cri de cœur from a supply-side foot soldier of the Reagan Revolution, disillusioned by the irrational fiscal policies of subsequent administrations. Mr. Bartlett deviates dramatically from today’s conservative orthodoxy, on balance arguing that solutions to the national debt crisis lie more on the revenue than the spending side of the ledger:

The problem we have today is that there has been a serious divergence between the size of government that people want and what they are willing to pay for. The idea that deficits are an irresponsible passing on of debt to future generations is no longer sufficient to support a tax system capable of raising adequate revenue to finance current spending. Nor is there the political will to cut spending to the level people are willing to pay. At the same time, no one believes this trend is sustainable.

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Most Wanted, by John Sedgwick and Thomas J. FoleyTitle: Most Wanted, by John Sedgwick and Thomas J. Foley

Date: November 11, 2012 (#78)

A memoir of Thomas J. Foley, the man who more than any other pursued the notorious Boston racketeer and gangster, Whitey Bulger. A fair bit of “inside baseball” from a former state trooper, with plenty of turf battles with FBI G-men.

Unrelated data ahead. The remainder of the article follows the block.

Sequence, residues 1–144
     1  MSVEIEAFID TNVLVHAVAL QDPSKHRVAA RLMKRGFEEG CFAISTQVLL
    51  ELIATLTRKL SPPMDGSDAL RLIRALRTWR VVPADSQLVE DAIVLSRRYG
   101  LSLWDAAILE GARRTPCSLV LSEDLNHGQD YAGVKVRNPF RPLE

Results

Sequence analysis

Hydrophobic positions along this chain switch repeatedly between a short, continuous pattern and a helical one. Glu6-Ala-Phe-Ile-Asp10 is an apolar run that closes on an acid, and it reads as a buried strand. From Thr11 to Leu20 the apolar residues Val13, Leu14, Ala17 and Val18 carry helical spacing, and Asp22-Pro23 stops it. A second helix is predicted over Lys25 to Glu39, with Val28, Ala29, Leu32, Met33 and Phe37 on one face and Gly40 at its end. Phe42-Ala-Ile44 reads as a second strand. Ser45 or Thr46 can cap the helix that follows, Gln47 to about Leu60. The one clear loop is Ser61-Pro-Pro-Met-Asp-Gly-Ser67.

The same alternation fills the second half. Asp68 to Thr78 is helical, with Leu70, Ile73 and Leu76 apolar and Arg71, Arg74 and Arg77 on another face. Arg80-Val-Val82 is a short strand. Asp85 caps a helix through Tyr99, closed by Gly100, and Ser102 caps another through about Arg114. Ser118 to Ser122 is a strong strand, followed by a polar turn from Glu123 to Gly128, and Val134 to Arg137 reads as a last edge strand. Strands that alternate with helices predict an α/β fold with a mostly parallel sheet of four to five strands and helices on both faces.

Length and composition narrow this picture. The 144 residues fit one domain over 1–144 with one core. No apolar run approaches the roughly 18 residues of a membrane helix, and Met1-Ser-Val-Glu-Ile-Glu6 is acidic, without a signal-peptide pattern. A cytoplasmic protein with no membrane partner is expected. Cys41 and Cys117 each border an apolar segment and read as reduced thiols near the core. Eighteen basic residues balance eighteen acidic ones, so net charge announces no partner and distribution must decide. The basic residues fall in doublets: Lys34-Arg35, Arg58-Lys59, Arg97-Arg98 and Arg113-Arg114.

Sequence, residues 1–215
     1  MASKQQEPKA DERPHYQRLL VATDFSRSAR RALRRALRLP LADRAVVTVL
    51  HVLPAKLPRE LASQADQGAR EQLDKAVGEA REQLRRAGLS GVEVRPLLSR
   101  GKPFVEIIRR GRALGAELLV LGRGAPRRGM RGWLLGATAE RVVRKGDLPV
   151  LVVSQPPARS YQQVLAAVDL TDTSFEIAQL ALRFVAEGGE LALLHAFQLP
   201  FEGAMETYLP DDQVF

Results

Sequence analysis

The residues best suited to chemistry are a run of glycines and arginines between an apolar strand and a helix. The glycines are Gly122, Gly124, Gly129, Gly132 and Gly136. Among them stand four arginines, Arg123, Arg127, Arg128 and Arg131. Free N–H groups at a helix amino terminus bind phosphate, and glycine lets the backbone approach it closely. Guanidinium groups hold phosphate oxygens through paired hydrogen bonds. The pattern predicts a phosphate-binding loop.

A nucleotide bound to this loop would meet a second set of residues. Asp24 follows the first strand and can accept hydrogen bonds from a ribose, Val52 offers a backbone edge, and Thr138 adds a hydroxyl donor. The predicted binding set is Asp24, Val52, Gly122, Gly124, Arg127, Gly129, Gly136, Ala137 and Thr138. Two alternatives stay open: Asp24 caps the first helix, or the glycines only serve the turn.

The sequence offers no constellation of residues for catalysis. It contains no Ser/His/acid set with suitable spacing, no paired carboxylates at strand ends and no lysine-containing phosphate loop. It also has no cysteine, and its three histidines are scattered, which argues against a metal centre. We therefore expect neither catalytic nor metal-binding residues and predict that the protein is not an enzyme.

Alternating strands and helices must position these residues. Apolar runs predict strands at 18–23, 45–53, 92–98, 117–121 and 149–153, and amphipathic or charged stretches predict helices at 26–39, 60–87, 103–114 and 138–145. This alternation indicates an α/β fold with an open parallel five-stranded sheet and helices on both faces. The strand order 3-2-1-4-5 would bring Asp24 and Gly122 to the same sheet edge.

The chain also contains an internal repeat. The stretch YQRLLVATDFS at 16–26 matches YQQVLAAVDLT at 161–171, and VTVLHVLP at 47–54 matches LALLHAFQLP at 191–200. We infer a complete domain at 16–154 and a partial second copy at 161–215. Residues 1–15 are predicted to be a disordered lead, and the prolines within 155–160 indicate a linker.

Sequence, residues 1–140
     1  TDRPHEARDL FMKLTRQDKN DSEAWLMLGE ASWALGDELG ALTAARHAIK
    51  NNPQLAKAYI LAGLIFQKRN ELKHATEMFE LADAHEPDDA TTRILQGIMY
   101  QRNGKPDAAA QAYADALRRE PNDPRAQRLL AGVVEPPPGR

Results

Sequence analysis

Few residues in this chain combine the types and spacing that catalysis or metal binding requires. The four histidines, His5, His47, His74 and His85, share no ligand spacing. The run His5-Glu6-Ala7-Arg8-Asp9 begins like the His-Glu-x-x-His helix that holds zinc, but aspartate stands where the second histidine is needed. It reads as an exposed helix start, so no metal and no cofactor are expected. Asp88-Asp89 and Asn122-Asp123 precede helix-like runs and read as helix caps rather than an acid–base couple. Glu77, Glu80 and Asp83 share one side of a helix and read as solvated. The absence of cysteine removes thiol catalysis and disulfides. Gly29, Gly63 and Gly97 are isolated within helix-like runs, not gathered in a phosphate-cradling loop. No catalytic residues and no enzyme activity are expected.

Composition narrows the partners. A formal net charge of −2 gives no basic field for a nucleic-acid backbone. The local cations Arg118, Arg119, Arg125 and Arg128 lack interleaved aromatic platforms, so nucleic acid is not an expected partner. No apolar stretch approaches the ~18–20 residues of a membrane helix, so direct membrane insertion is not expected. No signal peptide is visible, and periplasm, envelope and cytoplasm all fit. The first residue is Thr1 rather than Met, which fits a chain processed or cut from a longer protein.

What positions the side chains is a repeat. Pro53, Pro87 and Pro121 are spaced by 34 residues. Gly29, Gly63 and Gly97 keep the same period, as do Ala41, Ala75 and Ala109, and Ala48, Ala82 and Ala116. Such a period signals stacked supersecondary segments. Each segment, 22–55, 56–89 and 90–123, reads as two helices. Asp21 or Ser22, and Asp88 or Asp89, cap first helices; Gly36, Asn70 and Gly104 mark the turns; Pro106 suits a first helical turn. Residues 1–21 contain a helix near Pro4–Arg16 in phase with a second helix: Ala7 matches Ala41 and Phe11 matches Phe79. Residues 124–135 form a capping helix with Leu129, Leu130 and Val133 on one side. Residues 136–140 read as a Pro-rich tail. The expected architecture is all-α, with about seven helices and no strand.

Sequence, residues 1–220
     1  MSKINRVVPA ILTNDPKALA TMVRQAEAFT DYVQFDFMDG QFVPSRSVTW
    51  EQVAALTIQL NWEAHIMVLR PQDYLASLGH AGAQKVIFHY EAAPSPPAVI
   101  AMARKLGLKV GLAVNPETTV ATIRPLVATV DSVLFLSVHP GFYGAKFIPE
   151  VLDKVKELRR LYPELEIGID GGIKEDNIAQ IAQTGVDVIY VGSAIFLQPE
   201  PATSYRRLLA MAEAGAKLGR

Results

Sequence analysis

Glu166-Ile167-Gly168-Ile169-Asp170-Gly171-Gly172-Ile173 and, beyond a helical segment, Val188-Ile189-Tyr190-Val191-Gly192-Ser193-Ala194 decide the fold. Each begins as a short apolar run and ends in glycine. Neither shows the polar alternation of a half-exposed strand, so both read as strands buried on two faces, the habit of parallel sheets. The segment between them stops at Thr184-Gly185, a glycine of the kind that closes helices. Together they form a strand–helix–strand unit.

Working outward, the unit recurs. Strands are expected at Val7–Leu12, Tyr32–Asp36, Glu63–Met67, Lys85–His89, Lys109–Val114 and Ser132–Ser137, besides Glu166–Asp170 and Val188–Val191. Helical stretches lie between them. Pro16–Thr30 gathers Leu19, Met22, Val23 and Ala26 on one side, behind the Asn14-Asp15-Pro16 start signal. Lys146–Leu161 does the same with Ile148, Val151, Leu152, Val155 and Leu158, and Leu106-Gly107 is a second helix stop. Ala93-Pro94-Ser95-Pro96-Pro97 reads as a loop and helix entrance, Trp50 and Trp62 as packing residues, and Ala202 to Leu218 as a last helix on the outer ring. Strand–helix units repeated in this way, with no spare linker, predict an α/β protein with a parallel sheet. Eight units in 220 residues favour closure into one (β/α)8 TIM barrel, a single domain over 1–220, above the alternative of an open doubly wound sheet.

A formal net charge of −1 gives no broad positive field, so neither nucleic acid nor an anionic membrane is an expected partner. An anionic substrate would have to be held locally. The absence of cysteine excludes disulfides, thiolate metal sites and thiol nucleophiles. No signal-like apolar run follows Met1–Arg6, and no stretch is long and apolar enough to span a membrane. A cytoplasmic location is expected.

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The Two Towers, by J.R.R. TolkienTitle: The Two Towers, by J.R.R. Tolkien

Date: November 19, 2012 (#79)

Another tremendous audiobook performance by Rob Inglis. See supra.

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The Higher Education Bubble, by Glenn Harlan ReynoldsTitle: The Higher Education Bubble, by Glenn Harlan Reynolds

Date: November 22, 2012 (#80)

From the Encounter Broadsides series, the brainchild of Roger Kimball of New Criterion fame. Each volume in the series is designed to be readable on the shuttle flight from New York to Washington. Having read a few now, I find the series quite engaging and just the right length for a cogent political argument. A welcome addition to our political discourse.